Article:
ICAR Directorate of Medicinal Aromatic Plants Research

Ānand, India

ICAR Directorate of Medicinal Aromatic Plants Research

Ānand, India
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Jain S.K.,Indian Agricultural Research Institute | Shakil N.A.,Indian Agricultural Research Institute | Dutta A.,Indian Agricultural Research Institute | Kumar J.,Indian Agricultural Research Institute | And 2 more authors.
Journal of Environmental Science and Health - Part B Pesticides, Food Contaminants, and Agricultural Wastes | Year: 2017

Bentonite was modified by quaternary ammonium cations viz. cetytrimethylammonium (CTA), cetylpyridinium (CP), rioctylmethylammonium (TOM) and pcholine (PTC) at 100% cation exchange capacity of bentonite and was characterized by X-ray diffraction, CHNS elemental analyser and Fourier transform infrared spectroscopy. The sorption of imidacloprid on organobentonites/bentonite was studied by batch method. Normal bentonite could adsorb imidacloprid only upto 19.31–22.18% while all organobentonites except PTC bentonite (PTCB), enhanced its adsorption by three to four times. Highest adsorption was observed in case of TOM bentonite (TOMB) (76.94–83.16%). Adsorption kinetic data were fitted to pseudo-first-order, pseudo-second-order and intraparticle diffusion models. For normal bentonite data were best fitted to pseudo-first-order kinetic, while for organobentonites fitted to pseudo-second-order kinetics. Sorption data were analysed using Freundlich, Langmuir, Temkin and Dubinin–Radushkevich isotherm models. Data were well fitted to Freundlich adsorption isotherm. Product of Freundlich adsorption constant and heterogeneity parameter (Kf.1/n) was in following order: TOMB (301.87) > CTA bentonite (CTAB) (152.12) > CP bentonite (CPB) (92.58) > bentonite (27.25). Desorption study confirmed hysteresis and concentration dependence. The present study showed that the organobentonite could be a good sorbent for removal of imidacloprid from natural water sample also. Percentage adsorption and Distribution coefficient (mL g−1) value of different adsorbent was in following order: TOMB (74.85% and 297.54) > CTAB (55.78% and 126.15) > CPB (45.81% and 84.55) > bentonite (10.65% and 11.92). © 2017 Taylor & Francis Group, LLC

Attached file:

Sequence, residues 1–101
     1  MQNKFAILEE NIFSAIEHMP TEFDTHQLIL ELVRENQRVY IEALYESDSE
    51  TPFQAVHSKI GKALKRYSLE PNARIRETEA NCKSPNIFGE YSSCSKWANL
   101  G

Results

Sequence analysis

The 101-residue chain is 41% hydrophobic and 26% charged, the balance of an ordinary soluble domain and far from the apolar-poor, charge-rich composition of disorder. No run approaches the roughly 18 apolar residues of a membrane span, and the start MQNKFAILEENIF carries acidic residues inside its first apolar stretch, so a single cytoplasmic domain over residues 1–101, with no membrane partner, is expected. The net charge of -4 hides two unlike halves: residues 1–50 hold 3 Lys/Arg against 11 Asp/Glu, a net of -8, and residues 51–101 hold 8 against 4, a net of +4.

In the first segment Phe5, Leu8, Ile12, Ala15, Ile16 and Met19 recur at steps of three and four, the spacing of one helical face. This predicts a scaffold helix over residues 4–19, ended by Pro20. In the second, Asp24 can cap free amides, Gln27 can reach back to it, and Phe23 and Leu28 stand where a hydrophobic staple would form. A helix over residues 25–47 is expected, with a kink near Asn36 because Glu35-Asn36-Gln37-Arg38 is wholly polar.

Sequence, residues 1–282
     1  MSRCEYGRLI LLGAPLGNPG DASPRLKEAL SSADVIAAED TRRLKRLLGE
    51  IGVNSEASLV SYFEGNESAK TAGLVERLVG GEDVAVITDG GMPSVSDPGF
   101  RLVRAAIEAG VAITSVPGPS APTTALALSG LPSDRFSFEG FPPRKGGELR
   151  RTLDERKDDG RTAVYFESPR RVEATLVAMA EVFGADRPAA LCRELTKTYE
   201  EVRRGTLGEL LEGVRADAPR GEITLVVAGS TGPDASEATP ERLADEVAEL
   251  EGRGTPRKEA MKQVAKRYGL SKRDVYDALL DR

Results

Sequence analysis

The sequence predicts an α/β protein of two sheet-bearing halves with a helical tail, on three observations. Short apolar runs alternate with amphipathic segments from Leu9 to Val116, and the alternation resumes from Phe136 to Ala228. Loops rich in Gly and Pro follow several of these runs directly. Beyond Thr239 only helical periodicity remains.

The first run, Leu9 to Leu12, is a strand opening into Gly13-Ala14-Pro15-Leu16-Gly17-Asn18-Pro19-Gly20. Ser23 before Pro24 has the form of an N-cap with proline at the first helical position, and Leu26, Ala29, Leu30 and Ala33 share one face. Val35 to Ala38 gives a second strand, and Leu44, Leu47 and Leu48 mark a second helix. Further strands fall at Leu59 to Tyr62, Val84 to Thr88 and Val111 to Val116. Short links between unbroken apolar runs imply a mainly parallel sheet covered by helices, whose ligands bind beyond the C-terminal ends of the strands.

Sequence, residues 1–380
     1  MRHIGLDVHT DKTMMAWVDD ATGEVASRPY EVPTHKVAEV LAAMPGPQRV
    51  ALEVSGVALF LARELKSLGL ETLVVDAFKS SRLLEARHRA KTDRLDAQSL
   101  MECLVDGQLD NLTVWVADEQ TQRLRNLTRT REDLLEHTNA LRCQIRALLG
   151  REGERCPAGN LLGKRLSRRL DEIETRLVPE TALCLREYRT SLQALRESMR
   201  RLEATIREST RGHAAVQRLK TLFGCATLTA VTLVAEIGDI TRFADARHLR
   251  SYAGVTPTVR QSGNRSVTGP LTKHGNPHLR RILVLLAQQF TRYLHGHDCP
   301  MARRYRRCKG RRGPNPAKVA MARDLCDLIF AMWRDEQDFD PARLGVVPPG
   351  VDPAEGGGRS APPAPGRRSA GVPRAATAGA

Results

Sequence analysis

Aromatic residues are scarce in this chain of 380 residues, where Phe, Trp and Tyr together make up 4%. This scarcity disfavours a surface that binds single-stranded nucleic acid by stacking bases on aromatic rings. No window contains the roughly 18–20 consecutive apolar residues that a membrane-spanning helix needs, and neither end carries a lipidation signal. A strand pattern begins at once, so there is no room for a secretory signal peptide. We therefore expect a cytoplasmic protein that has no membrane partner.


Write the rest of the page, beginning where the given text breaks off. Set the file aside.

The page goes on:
Tripathy V.,ICAR Directorate of Medicinal Aromatic Plants Research | Basak B.B.,ICAR Directorate of Medicinal Aromatic Plants Research | Varghese T.S.,ICAR Directorate of Medicinal Aromatic Plants Research | Saha A.,ICAR Directorate of Medicinal Aromatic Plants Research
Phytochemistry Letters | Year: 2015

With the increasing popularity and use of medicinal herbs, their global demand has gained momentum. Developing countries, including China, India and South East Asian (SEA) countries, are the centres of origin and major global suppliers for most of these traditionally used medicinal herbs. One of the factors affecting the quality of these herbs is the contamination of heavy metals, mycotoxins, pesticide residues, polycyclic aromatic hydrocarbons (PAHs) and fumigants. These contaminants can accumulate during the cultivation, storage and processing of herbs and may have adverse effects on consumer health. There have been various reports regarding the presence of these contaminants in medicinal herbs. This review discusses the important contaminants of medicinal herbs, the frequency and magnitude of their occurrences, the potential causes of contamination and their regulatory limits in medicinal herbs. The major challenge in the international trade of medicinal herbs is the lack of common guidelines, regulatory measures and monitoring body to strictly enforce their regulation. © 2015 Phytochemical Society of Europe. Published by Elsevier B.V. All rights reserved.

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